Eurasian Customs UnionEdit
Forming a customs union between EurAsEC member states became a top priority from Spring 2008, when the EU announced its Eastern Partnership. Since that time, there has been discord between the EU and Russia with both sides accusing the other of attempting to carve out spheres of influence over the countries at issue (Belarus, Armenia, Azerbaijan, Georgia, Moldova and Ukraine). A supranational body of the customs union—the Eurasian Economic Commission—was established on December 12, 2008. Boiled down to its essence, Russia has offered EurAsEC members access to its markets (i.e., for Kazakhstan) and lower energy prices (i.e., Belarus, Ukraine). The EU's offer to membership countries amounts to promises of de facto EU integration, such as relaxed visa entry requirements.
Kazakhstani President Nursultan Nazarbayev had proposed the creation of a common noncash currency called yevraz for the community. This would have reportedly helped insulate the countries from the global economic crisis.
On 3 September 2013, EUobserver reported that Armenia had decided to join the Eurasian Customs Union. The website quoted a Russian government communique stating that, "Armenia [has] decided to join the Customs Union and take the necessary practical steps to subsequently participate in the formation of the Eurasian Economic Union."
The Russian Finance Minister, Alexei Kudrin clarified: "The money from the fund will be used to grant sovereign loans and stabilization credits to Member States and to finance interstate investment projects. Therefore, this fund will be a kind of replica of the Regional International Monetary Fund (IMF) and the European Bank for Reconstruction and Development (EBRD). As we know, the IMF provides credit stabilization globally, while the EBRD grants loans for investment projects. It should be noted that Russia has refused to increase the amount of its contribution to the IMF, which would have been used to grant loans to stabilize countries in need around the world. Instead, it creates a regional fund to help its neighbors and allies. "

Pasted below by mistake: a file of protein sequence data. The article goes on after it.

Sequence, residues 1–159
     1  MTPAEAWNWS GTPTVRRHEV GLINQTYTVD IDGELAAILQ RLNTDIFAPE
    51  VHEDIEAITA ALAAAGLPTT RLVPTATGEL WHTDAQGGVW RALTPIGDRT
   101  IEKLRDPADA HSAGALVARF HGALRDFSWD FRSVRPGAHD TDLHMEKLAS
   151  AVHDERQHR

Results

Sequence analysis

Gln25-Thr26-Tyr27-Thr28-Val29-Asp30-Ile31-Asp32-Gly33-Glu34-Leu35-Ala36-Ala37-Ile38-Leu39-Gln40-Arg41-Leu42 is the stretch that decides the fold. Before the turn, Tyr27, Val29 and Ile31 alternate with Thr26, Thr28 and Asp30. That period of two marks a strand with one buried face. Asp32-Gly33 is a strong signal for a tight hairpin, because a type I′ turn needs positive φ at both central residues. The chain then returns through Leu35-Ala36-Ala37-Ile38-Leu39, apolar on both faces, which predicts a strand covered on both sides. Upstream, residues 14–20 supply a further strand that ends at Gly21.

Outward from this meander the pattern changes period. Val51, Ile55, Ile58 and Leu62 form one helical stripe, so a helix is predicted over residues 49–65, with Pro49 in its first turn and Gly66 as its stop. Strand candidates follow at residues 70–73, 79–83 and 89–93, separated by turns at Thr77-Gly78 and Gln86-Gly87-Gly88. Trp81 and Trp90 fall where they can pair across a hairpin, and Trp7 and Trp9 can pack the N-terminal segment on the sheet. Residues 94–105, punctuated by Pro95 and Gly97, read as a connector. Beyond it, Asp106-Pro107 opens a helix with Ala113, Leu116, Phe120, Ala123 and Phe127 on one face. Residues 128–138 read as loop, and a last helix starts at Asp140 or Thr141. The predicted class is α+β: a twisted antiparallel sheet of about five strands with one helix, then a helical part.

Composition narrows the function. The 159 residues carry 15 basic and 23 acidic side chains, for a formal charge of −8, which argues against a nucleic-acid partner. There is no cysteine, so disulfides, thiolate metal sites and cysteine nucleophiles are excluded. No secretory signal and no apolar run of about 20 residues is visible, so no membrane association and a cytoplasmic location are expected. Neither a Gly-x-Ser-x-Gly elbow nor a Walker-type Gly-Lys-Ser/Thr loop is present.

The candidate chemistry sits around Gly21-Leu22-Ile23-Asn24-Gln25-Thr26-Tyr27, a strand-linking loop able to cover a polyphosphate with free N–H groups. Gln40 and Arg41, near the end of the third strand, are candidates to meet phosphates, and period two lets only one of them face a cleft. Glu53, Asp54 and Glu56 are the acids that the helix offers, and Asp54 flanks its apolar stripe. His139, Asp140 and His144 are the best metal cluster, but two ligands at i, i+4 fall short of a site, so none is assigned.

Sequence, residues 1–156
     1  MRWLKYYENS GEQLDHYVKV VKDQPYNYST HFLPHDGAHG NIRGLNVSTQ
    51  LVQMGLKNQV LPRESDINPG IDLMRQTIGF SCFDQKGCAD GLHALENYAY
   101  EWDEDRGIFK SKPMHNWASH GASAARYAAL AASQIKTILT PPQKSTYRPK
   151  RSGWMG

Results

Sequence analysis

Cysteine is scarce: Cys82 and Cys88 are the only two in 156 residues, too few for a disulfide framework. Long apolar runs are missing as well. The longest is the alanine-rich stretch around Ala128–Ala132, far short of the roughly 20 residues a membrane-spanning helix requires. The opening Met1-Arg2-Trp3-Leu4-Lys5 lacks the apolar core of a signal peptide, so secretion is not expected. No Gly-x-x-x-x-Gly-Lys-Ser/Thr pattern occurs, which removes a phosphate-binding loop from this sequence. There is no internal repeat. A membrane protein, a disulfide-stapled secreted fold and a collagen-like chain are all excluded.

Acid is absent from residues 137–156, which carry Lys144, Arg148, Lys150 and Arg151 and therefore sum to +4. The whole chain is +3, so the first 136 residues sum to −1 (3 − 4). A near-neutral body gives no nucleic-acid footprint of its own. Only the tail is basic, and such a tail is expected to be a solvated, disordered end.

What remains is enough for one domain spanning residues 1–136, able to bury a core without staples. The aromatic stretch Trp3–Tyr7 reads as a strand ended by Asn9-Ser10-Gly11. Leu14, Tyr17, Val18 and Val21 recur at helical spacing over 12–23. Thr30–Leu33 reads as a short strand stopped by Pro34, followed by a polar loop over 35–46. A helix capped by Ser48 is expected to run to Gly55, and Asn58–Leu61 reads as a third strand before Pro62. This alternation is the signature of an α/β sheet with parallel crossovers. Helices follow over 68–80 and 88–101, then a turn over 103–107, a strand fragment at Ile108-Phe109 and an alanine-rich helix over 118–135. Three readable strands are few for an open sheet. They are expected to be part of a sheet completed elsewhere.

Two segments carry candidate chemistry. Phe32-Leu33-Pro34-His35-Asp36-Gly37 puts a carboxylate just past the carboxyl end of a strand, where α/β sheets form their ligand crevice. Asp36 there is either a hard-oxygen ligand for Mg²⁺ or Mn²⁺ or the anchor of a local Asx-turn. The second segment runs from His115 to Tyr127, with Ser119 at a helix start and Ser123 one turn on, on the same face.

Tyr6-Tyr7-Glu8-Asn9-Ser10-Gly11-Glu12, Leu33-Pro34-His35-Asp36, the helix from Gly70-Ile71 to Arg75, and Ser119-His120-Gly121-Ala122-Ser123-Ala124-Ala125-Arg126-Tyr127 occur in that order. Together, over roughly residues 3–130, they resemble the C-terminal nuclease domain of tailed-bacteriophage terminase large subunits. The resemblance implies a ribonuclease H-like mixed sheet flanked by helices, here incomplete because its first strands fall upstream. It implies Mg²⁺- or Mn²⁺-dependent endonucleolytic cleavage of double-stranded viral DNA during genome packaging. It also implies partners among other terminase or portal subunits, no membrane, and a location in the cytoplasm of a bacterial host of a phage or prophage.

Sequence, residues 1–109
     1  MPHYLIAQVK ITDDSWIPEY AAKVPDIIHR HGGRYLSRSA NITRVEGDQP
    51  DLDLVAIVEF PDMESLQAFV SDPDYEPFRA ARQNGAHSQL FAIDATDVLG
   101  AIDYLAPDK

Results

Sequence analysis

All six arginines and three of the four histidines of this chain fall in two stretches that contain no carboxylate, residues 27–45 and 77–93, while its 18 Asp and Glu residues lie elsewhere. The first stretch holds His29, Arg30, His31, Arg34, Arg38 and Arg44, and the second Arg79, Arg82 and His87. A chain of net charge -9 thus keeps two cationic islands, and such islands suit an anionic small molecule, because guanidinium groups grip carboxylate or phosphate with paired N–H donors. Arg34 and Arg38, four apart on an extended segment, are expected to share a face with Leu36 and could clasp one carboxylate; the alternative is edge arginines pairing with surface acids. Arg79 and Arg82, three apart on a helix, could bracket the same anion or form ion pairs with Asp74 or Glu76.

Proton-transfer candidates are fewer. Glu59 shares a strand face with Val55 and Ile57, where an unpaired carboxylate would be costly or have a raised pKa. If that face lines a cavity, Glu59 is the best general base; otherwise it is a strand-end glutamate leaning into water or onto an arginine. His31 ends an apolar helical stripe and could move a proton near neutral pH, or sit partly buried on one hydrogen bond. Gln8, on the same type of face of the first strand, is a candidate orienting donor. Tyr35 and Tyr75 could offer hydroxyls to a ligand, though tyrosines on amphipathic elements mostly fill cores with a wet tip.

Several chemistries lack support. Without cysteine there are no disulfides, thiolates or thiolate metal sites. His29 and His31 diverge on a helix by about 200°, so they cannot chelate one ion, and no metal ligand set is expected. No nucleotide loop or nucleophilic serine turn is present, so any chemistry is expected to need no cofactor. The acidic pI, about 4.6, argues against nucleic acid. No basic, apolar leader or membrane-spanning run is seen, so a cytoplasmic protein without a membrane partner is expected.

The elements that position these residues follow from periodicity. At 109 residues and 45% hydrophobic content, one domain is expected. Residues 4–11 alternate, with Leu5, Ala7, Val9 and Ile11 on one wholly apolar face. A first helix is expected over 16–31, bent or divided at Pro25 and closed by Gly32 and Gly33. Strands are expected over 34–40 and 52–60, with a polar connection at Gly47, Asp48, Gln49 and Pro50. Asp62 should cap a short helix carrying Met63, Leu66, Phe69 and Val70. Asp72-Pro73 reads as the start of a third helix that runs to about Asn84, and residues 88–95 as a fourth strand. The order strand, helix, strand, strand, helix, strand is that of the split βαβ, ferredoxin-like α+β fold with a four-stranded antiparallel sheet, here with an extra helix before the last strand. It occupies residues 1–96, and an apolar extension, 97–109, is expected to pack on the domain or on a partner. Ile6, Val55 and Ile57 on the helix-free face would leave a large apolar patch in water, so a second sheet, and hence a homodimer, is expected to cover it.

Belarusian President, Alexander Lukashenko said: "The Eurasian Economic Community will establish a fund of $10 billion to deal with the financial crisis." On June 9, 2009, the Fund was established at a meeting of the EurAsEc.
The Russia and Kazakhstan contributed 7.5 billion and 1 billion dollars respectively to the anti-crisis fund.
Origins of the Eurasian Economic CommunityEdit
On October 10, 2000, when reforms on the CIS were reached the Eurasian Economic Community was formed. The EurAsEC aimed to erase the failures of the CIS, to form a true common market, face the challenges of globalization and to resume the integration processes within the CIS. Very quickly, the EurAsEC emerged as the economic complement of the CSTO.
The dissolution of the CEC into the EurAsECEdit